Part 1 – Planning a Project

I recently wrote an article introducing a simple approach to collaborative project management and how using tools like SharePoint and Microsoft Project will provide guidance for your team and set them up for success.  We also looked at four items to consider when initiating your project site.  Once you have accomplished these two steps, it is now time to earn your stripes by planning and setting up your project.

Elements of Project Planning

At a minimum, you will need a Project Definition/Statement and a Task List (of some sort) on most projects.  Any additional artifacts you will use to help manage the project should have been decided in earlier in the project initiation process (unless you skipped that stage!).

Complete the Project Statement

The Project Statement can also be known as the Project Profile, Project Charter or Project Definition.  This is the master project document and communicates to one and all the intention of the project and high-level information.  In this document you will want to make very clear what the goal of the project is.  It is important for all involved to know where the finish line is.

Define and Allocate Tasks

Decide on the Tasks needed to complete the project successfully or at least the tasks you know about at this stage.  You might elect to use a simple task list or maybe a WBS (work breakdown structure) that has parent and sub-tasks and dependencies between tasks (i.e. one task cannot start until the previous task finishes).   You may also elect to use Microsoft Project to draw up the task list and assignments.

Add Other Project Artifacts

Assuming you have created your Project Statement and Project Tasks, you can now create any extra artifacts required to manage your project.  If you are lucky enough to have local guidance, you are creating the artifacts from given templates.  If you are really lucky, you are creating the artifacts using templates given in your collaborative site (hopefully Microsoft SharePoint!).  Candidate artifacts include goals, documents, issues, risks, etc.  In essence these are the chosen project management sub-processes for your project.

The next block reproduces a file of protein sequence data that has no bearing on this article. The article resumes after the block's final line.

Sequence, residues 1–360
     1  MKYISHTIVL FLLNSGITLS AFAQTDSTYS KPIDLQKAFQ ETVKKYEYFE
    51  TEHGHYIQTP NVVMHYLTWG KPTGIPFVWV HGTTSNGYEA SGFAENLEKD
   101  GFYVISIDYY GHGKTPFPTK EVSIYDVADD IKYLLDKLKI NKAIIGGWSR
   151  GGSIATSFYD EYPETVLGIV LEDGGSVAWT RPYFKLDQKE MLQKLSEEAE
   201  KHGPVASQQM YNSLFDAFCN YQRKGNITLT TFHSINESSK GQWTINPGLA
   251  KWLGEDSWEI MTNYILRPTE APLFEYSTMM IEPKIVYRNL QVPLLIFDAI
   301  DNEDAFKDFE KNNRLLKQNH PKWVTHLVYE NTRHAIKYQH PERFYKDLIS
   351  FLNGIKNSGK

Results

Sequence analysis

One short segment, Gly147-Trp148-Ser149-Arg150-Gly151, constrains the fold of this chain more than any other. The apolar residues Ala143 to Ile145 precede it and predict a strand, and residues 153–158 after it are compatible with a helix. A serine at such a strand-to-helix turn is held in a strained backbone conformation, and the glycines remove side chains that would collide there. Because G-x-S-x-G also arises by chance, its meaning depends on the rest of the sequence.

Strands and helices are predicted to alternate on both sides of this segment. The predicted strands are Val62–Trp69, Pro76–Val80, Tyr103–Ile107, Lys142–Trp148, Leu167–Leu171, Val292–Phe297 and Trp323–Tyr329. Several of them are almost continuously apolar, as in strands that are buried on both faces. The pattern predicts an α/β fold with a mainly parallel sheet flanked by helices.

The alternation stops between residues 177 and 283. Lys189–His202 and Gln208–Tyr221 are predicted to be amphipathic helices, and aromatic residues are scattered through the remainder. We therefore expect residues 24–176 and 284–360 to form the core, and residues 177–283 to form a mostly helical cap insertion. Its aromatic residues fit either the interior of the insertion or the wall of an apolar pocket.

Assign the Work

Some Project Managers tend to do more work on the project than they need to and often find it difficult to delegate.  Given that we are talking about collaborative project management, it is important to remember that the project work can and should be delegated.

If your project is simple and your project team is small and you just know who is free and not free, then you could have assigned the tasks and artifacts to your Team Members as you created them.

Some organizations have a more formal definition of roles in use, and in this case you will likely have assigned a generic role to a task or artifact in the two steps above.  In this step, you will now need to assign a person in place of these generic roles.  This can be a quick way to setup a project, where a project site comes with a list of tasks and artifacts that have generic roles pre-assigned.  In this case all you need to do is assign the person to the role.

In other cases where the organization is very large and people are committed to many projects, you will not know who is free.  In this scenario you will need to draft your plan to see who you need and when.  Then you will need to check resource availability before you can make an assignment.  In certain organizations you will even need to formally request resources.

Desk Check the Plan

By this stage your project should be well planned but it is not harmful to have a step where you stand back and review it thoroughly.  Now that you have created lots of tasks and artifacts, you should look at the entire project in a Gantt (time sequenced) chart; you may see adjustments it makes sense to make before the plan goes live.

It is also a good idea to have some of your colleagues peer review your plan.

Notify the Team of Responsibilities